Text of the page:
Administrative closure of your deportation proceedings may be available if the government chooses to favorably exercise their Prosecutorial Discretion. Prosecutorial discretion is offered to a person who is not an enforcement priority. While the availability of prosecutorial discretion varies over time as policies tend to change when new leadership takes office, it is important for people in removal proceedings to be aware of prosecutorial discretion as an option.
Prosecutorial discretion refers to the authority of the Department of Homeland Security (“DHS”) to stop working on your immigration case. In the context of removal proceedings, DHS may offer prosecutorial discretion to a person who is not an enforcement priority in order to preserve government resources.
If a person is offered prosecutorial discretion, the immigration judge may administratively close removal proceedings. The person is no longer required to attend immigration hearings, can apply for a work permit in certain circumstances, and can move forward in life without the threat of removal.
Seeking prosecutorial discretion is a good option for those in removal proceedings who may not have a strong immigration case or available relief but is not a threat to the U.S. and has committed very few immigration violations. It is important to seek help from an experienced immigration to determine if your case may be eligible for prosecutorial discretion.
NOTE: Prosecutorial discretion has been significantly limited under the Trump administration. The current political climate is such that all persons who are in the U.S. unlawfully are an enforcement priority. This section discusses factors considered by DHS in preceding years to determine whether to extend prosecutorial discretion in a case.
The exercise of prosecutorial discretion is dependent on a variety of factors. Historically, the main priorities for removal are national security, border security and public safety. Because DHS has limited resources, it is important that DHS apply the resources to high priority cases. Exercising prosecutorial discretion allows DHS to close lower priority cases and focus on higher enforcement priorities.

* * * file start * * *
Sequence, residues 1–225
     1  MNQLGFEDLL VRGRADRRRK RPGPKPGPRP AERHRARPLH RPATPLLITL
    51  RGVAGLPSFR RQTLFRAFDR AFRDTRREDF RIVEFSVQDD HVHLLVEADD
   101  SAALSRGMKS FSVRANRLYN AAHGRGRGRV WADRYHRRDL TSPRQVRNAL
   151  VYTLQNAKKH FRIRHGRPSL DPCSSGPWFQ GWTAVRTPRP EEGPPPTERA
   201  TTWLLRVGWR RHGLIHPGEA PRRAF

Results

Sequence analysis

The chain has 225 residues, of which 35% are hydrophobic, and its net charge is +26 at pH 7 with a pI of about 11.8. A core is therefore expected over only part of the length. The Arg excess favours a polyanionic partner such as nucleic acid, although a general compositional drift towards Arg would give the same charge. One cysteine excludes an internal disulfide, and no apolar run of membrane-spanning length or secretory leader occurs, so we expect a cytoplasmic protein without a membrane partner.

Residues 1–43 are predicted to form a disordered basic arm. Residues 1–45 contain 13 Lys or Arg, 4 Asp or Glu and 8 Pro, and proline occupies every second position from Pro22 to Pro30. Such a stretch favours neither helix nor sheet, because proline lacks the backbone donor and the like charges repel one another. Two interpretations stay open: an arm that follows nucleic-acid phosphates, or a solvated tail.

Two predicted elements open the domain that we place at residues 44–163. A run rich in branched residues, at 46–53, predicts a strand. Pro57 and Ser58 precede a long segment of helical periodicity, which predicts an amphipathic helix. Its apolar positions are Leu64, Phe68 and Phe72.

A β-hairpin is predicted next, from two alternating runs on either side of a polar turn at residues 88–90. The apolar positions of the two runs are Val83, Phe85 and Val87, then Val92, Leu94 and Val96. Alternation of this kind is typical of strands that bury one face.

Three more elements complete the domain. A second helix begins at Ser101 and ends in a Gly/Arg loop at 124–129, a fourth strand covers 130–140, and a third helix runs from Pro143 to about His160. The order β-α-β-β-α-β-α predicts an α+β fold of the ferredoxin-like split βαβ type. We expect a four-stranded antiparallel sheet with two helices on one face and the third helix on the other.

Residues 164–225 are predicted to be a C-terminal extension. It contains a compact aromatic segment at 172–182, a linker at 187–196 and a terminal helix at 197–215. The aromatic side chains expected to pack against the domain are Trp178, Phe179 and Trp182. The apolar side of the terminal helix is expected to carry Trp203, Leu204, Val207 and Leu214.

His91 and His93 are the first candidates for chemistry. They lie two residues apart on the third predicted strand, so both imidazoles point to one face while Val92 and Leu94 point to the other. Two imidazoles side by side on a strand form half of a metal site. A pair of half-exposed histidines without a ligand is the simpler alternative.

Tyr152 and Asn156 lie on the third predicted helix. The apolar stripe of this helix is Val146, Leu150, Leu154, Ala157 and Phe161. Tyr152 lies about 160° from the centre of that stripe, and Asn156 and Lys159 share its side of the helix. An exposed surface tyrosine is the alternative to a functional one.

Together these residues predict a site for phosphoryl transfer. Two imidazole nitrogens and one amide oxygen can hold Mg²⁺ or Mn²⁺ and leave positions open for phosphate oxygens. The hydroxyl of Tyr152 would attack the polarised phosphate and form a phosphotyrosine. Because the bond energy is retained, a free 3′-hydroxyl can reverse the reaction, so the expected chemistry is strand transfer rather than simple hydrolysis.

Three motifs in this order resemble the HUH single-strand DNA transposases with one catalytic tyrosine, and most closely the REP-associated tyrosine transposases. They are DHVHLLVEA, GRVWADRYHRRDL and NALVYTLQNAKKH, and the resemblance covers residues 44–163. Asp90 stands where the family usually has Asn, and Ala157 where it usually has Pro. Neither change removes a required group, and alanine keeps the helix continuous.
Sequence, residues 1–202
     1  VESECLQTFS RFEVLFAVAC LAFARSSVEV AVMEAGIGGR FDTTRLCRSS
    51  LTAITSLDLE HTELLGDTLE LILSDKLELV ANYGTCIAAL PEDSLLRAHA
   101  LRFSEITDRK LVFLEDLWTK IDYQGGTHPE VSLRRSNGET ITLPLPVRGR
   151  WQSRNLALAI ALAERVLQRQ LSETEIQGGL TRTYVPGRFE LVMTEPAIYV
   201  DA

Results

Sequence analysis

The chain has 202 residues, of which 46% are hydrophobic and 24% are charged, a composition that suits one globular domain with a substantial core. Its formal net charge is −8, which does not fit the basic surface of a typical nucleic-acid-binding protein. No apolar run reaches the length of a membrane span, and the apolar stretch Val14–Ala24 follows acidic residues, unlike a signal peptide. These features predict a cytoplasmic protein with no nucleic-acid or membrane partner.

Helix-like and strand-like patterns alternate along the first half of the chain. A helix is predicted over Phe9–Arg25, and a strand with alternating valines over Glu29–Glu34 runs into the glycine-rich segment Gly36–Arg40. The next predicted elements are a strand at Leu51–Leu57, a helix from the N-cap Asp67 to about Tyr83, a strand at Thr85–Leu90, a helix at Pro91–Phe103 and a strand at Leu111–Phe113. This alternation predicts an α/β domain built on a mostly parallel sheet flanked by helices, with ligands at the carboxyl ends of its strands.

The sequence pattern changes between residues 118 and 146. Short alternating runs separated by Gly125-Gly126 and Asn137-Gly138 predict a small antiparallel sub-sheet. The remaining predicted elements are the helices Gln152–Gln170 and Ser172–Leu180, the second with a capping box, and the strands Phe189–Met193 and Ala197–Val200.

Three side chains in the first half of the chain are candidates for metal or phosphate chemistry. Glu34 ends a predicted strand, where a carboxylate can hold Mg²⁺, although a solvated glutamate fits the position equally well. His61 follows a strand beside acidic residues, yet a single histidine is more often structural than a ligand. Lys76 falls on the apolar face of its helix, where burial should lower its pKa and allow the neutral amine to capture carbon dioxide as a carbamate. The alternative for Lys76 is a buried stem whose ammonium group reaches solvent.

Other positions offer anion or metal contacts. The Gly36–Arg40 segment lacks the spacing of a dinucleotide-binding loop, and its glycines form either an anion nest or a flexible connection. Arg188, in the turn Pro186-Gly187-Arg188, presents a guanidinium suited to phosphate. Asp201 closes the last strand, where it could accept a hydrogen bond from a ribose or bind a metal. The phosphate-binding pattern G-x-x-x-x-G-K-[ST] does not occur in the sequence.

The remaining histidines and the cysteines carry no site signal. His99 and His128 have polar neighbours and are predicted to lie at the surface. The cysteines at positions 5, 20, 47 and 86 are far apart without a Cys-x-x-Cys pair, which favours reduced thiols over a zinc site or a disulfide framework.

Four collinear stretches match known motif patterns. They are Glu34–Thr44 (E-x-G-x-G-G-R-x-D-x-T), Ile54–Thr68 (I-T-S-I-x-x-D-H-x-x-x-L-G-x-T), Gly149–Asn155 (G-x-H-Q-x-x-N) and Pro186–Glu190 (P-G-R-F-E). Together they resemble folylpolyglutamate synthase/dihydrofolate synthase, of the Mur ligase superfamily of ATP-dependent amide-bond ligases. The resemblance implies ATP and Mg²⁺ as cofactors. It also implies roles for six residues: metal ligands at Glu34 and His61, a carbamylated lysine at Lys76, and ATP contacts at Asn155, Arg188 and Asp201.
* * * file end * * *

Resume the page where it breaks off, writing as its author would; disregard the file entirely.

If you are undocumented, you may be facing deportation even though you are not a threat to national security, have never committed a crime and have never been previously ordered removed. Consult with an immigration lawyer before seeking prosecutorial discretion from DHS.
One important aspect of prosecutorial discretion is the difference between administrative closure and termination/dismissal of removal proceedings. Administratively closure removes your case from the immigration judge’s active docket. This means that you are still in removal proceedings, but the government will not pursue a deportation case against you. Termination means you no longer have an immigration case in court. The distinction between the two concepts is confusing and can lead to problems if they are not properly understood. For example, in most cases a person cannot file for adjustment of status with the United States Citizenship and Immigration Services (“USCIS”) if their court case is administratively closed, but they can if their case is terminated.
A qualified immigration attorney can help you distinguish between administrative closure and termination of removal proceedings. If your case was administratively closed for prosecutorial discretion, an attorney may be able to assist you with re-calendaring the case in immigration court so you can pursue newly available relief.
Administrative closure based on prosecutorial discretion offers security for people who have positive factors – they are no longer facing the threat of imminent deportation. As long as you maintain a low enforcement priority you can continue to keep your case closed until a new form of immigration relief becomes available, such as adjustment of status based on an approved petition.
If new relief does become available, then an experienced immigration attorney can help you file a motion to re-calendar removal proceedings and help you pursue you case before an immigration judge. In limited circumstances, an immigration attorney may be able to get proceedings terminated so that you can pursue your case with USCIS.
While it’s difficult to predict if/when prosecutorial discretion becomes more widely available, it’s important to heed the advice of an experienced immigration attorney who can help determine if your case is eligible for prosecutorial discretion.